Wednesday, August 11, 2010

Review of Happyface by Stephen Emond

Emond, Stephen. Happyface. Little, Brown, 2010.

Have you ever wished that you could just re-invent yourself? Perhaps, if you started over with people who didn't know the old you, you could be the sort of person you always knew you could be.

After Happyface and his mother move into a crummy apartment in another part of town, forcing Happyface to change schools, he has the chance to do just that - reinvent himself. And being unhappy with his previous situation, he decides to become a happy-go-lucky guy with an ever-present smile. It's better than being the guy that all that bad stuff happened to.

Hence his new nickname - Happyface. In fact, we never do get to find out his real name. And though he fills his journal with sketches of all his new friends, and includes himself in the drawings and cartoons, he draws himself with a huge happyface head.

Needless to say, his big smile and absolute refusal to ever talk about anything serious or give away anything of importance about his own life or thoughts keeps his new friends at a distance. Happyface sees himself as being an excellent friend, the kind that is always upbeat - and he's dismayed when he can't get close to anyone.

My two teen daughters, ages 15 and 19, liked this book more than I did, but that's probably testimony to its extremely authentic feel. While I thought the interminable and repetitive dwelling on trivial conversations and small slights was annoying, my teens were fascinated. This is how teens are - stuff like that is what the very fabric of life is made of.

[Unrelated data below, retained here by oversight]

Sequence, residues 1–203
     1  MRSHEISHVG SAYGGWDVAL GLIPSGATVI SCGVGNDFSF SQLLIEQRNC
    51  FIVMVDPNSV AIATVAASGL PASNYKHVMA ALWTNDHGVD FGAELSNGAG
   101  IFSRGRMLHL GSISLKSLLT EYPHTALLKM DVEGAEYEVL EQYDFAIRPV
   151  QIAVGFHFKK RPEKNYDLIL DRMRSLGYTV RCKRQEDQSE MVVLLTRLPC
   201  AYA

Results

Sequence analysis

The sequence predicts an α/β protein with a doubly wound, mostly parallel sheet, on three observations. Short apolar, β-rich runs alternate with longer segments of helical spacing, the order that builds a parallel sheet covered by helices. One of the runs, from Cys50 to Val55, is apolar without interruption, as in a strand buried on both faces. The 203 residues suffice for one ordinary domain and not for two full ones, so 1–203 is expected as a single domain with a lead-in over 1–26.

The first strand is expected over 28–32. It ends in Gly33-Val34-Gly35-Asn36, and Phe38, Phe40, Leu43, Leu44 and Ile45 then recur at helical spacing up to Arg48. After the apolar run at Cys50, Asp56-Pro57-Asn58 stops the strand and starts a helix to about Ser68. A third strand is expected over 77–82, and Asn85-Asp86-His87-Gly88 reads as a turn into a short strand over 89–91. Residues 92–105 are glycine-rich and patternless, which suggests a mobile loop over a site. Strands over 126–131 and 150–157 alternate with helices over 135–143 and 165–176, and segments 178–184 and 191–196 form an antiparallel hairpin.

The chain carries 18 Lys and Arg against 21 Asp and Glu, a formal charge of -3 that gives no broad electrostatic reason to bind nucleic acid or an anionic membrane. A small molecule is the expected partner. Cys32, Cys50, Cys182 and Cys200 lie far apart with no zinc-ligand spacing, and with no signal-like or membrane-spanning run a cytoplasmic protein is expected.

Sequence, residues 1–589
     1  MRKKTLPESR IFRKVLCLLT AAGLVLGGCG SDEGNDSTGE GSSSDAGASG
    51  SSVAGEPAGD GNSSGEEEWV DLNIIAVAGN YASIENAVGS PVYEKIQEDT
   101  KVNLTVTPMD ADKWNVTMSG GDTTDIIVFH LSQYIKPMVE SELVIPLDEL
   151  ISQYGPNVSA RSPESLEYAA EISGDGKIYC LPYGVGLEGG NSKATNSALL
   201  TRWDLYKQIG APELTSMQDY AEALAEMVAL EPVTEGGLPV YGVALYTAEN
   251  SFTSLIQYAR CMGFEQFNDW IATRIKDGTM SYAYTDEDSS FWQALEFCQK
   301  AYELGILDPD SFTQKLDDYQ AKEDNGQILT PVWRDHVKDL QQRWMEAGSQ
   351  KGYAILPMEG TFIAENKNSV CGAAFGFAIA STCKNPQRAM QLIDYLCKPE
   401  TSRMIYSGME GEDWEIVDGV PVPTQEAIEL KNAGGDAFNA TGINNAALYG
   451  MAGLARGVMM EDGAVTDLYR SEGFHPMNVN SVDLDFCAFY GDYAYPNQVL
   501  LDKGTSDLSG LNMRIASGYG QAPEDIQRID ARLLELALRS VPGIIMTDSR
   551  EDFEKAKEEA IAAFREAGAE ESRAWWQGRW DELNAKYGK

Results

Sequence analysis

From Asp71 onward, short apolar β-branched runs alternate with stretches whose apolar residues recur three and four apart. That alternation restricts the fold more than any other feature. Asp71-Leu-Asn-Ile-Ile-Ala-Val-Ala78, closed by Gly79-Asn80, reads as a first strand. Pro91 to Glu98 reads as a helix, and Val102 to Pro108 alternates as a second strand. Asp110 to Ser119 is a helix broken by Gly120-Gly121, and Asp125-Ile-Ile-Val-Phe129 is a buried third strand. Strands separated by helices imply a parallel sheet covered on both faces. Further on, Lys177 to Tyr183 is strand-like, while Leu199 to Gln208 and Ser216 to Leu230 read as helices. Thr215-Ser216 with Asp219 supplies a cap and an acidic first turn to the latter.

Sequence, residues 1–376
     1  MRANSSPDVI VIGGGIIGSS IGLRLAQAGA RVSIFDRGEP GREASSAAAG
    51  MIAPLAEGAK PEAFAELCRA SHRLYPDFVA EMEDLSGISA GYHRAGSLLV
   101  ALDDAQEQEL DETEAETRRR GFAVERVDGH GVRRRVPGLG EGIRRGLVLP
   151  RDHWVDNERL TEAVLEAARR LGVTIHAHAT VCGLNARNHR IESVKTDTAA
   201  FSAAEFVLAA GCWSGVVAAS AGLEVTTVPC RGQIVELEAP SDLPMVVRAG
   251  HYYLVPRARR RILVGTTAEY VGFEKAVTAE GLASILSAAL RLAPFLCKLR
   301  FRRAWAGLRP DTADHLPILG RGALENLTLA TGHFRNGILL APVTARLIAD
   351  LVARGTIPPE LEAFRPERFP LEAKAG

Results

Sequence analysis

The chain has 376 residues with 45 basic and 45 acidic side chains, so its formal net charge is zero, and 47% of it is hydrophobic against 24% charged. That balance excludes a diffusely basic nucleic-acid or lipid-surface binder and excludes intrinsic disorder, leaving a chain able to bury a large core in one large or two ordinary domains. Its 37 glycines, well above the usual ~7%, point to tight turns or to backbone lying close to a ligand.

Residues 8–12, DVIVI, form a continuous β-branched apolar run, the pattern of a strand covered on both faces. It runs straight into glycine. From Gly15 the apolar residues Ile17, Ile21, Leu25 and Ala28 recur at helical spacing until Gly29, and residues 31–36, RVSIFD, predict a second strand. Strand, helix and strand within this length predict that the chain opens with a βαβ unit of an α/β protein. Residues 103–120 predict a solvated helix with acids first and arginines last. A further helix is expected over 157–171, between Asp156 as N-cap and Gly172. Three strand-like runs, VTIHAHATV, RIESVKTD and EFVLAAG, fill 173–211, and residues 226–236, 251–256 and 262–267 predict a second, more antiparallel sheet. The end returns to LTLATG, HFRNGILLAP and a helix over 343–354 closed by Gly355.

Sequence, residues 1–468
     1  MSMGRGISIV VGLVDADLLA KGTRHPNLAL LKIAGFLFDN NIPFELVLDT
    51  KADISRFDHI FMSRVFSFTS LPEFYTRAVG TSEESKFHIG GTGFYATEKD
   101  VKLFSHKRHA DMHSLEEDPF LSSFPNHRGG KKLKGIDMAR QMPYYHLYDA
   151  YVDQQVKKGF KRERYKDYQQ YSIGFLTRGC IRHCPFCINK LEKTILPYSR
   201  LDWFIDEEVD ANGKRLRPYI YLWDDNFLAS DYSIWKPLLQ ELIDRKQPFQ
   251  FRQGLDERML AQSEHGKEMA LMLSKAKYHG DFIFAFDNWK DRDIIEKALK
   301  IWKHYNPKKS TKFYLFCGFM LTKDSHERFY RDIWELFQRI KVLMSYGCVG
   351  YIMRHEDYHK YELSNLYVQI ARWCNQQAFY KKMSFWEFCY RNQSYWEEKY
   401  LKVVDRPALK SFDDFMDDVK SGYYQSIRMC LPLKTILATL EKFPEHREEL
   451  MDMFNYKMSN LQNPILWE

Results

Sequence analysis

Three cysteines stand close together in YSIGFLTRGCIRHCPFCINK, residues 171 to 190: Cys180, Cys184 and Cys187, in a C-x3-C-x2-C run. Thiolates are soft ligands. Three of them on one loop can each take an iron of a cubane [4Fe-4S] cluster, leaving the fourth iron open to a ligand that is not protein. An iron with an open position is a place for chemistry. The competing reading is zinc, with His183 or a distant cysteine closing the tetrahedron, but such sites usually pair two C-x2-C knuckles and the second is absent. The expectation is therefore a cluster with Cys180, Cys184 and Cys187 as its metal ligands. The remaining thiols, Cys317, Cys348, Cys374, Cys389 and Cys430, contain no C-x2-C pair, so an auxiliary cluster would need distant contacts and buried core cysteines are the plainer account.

Happyface does, of course, finally realize that his approach to friendship has had the effect of keeping everyone at arm's length, and his friends' reaction to him after he lets his guard down is gratifying while also quite realistic. I understood completely how pissed off his friends were, because I found that constant smile and stupid jokiness supremely off-putting. It was hard for me to really like Happyface, despite being privy to his private thoughts. He reminds me a little of the heroes in John Green's books, always pining after the most awesome, complicated, gorgeous girl. Puh-leeze.

But that's just my own bias. Two real live teen girls, both well-read and with great taste, really liked this book, and so it's a sure bet other teens will, too. And, this being a fine book, you might, too - so give it a try!

Recommended for ages 13 and up.

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